Important tax updates in Spain – what you need to know

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There’s some significant news from Spain regarding tax regulations that you might find interesting. On December 6, 2023, the Spanish Official State Gazette (BOE) published the Royal Decree 1008/2023.

This legal document brings notable changes to personal and corporate tax regulations in Spain, and it’s something that could affect many of us, from employees to entrepreneurs. Let’s break down what this means in simpler terms.

When Does It Start?

First things first: these changes came into effect the day after their publication, meaning from December 7, 2023. So, these are not distant changes but current realities.

Changes in Personal Income Tax (RIRPF):

  • Aligning with New Laws:

The decree modifies the RIRPF (Income Tax Regulations for Individuals)  to align with recent laws, like the General State Budget for 2023 and the Start-up Ecosystem Promotion Law. This is to make sure that the tax rules are up-to-date with the latest economic policies.

  • Key Updates:
    • For Start-up Employees: There’s now an exemption in place for income derived from receiving shares in start-ups. Previously, these shares had to be offered under the same conditions to all employees to qualify for tax exemptions, but this is no longer the case.
    • Maternity Deduction Expanded: The rules around maternity deductions have been broadened. This means more people can potentially benefit from this deduction, as previous limits based on contributions during the tax period have been removed.
    • Declaration Obligation Adjustments: The income threshold for declarations has been raised, particularly for those receiving income from multiple sources. This could mean fewer headaches for some when tax season comes around.
    • Retention Rate Reductions: There are now lower withholding rates for income from creating literary, artistic, or scientific work. This is good news for the creatives out there.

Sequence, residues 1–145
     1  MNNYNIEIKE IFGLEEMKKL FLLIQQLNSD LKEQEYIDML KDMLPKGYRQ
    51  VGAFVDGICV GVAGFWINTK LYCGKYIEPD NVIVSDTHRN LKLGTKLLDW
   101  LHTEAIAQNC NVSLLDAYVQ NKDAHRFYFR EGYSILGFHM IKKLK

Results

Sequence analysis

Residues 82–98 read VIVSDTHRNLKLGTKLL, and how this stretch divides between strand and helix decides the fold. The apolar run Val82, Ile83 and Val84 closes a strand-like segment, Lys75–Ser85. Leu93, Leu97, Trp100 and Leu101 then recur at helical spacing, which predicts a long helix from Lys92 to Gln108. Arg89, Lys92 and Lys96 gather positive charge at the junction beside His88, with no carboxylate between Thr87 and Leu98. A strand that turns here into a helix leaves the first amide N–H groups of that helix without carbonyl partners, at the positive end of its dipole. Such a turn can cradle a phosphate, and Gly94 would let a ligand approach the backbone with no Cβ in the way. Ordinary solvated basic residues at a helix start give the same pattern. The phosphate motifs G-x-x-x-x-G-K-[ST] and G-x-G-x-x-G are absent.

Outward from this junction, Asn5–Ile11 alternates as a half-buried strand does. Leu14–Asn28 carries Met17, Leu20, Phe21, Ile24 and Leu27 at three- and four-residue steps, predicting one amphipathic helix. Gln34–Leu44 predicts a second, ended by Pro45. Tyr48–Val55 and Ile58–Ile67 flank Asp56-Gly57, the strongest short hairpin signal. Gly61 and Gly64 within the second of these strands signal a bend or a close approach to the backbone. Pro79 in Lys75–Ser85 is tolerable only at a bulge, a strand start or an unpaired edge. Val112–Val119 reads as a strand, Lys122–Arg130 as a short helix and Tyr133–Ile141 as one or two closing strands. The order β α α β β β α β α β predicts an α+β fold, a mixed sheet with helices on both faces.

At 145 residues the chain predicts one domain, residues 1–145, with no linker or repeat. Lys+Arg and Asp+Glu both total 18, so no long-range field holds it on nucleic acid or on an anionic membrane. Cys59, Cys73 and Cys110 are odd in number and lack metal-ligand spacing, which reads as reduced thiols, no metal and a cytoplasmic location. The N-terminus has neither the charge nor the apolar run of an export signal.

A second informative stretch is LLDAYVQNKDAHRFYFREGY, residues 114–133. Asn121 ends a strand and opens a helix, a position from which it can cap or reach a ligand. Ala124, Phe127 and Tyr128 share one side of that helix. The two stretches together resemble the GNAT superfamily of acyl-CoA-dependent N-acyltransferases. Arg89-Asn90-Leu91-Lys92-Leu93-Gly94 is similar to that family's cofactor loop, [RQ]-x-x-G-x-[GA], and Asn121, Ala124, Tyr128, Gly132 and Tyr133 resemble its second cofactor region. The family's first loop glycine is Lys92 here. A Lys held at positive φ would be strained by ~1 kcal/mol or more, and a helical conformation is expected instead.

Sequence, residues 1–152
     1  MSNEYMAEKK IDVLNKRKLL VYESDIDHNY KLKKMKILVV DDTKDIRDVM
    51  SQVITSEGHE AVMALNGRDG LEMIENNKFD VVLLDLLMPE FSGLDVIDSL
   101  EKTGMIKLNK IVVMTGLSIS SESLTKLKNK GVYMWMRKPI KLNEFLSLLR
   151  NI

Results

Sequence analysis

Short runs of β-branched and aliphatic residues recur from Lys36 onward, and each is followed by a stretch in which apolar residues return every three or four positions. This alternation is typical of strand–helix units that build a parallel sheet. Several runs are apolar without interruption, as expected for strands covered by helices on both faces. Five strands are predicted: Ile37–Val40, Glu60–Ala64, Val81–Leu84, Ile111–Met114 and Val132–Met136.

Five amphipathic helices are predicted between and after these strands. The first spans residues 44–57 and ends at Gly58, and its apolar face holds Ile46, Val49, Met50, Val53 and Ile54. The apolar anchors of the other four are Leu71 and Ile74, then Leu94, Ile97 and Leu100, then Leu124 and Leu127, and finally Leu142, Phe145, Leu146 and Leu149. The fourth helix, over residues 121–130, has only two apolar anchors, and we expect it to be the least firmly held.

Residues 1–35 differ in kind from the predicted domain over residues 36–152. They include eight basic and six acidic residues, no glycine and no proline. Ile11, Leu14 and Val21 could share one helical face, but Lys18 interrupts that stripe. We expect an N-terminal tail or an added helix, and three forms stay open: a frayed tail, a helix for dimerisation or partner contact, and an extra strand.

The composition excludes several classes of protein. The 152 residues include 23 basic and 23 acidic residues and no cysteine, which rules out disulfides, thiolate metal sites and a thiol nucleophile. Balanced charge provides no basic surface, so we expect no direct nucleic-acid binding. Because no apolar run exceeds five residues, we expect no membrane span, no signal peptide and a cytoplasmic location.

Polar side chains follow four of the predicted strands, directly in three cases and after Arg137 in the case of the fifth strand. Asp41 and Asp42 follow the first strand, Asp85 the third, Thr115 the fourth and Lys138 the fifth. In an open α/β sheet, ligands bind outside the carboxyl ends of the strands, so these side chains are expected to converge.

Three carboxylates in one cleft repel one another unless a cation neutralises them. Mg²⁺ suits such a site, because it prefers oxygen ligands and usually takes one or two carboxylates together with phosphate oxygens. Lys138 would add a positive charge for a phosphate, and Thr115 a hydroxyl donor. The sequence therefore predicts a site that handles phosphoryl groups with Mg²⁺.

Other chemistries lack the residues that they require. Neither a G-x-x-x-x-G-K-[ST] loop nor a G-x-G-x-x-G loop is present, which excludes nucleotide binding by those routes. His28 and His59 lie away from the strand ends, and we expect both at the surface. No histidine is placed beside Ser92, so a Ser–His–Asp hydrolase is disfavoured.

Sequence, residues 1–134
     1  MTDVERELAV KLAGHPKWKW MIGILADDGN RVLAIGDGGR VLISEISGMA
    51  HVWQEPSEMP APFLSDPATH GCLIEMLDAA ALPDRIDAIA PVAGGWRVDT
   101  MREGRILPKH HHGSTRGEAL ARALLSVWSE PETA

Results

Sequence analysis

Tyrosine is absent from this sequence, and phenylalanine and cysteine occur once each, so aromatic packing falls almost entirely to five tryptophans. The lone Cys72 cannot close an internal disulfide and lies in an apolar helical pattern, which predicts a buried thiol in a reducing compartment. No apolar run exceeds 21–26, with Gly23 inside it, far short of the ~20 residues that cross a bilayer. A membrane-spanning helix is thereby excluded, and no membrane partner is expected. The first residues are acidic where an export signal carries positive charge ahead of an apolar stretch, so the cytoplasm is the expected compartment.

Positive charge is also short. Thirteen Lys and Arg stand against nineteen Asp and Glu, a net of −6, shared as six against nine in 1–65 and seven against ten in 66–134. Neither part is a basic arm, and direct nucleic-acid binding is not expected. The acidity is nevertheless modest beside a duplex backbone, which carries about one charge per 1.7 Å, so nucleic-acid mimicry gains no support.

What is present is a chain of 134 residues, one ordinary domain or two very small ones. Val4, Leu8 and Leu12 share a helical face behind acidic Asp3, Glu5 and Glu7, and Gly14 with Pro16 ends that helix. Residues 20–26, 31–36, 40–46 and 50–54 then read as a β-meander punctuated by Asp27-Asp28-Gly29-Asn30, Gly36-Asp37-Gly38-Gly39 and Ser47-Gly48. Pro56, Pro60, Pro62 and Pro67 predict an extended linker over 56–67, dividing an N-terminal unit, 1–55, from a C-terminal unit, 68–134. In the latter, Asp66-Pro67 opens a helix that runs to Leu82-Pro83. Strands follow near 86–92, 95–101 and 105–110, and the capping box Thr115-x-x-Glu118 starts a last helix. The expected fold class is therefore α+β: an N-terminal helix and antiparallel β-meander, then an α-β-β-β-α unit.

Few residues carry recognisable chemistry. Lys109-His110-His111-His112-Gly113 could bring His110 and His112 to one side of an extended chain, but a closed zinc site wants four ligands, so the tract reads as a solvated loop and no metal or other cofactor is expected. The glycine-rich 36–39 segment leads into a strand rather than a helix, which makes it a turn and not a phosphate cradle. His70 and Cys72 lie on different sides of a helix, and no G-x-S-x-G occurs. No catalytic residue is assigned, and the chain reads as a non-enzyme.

• Special Tax Regime for Displaced Workers:

The decree defines new rules for entrepreneurs, highly skilled professionals, and their families under a special tax regime. This could be particularly interesting if you’re thinking of moving to Spain for work.

Updates in Corporate Income Tax (RIS):

  • Interest Exemption: Certain interests, like those received by central counterpart entities, are now exempt from certain tax obligations. This might seem a bit technical, but it’s a significant change for those in the finance sector.
  • Technical Tweaks: There are also some updates in the legal references to keep everything current with the latest financial laws.

Conclusion

These updates indicate Spain’s commitment to adapting its tax system to the modern economic landscape, especially beneficial for start-ups and entrepreneurs. Whether you’re an employee, a business owner, or thinking of moving to Spain, these changes could have implications for you.

Stay Informed and Prepared!

Navigating tax changes can be challenging, but staying informed is the first step to making the most of these updates. If you have questions or need assistance understanding how these changes impact you, don’t hesitate to contact us for an initial free general orientation. Remember, being proactive about tax planning can save you time and money in the long run.

Maria Luisa Castro

Director and Founder
María founded CostaLuz Lawyers in 2006 and is the Firm’s Director. María is registered Lawyer number 2745 of the Cadiz Bar Association and is licensed to practice in all areas of law throughout Spain. Working closely with her team, María has developed the firm into one of the most highly regarded and trusted Spanish Law Firms acting for English-speaking clients with legal problems in Spain. We’re here to help. Contact us today for a free, no-obligation, initial legal orientation.
 

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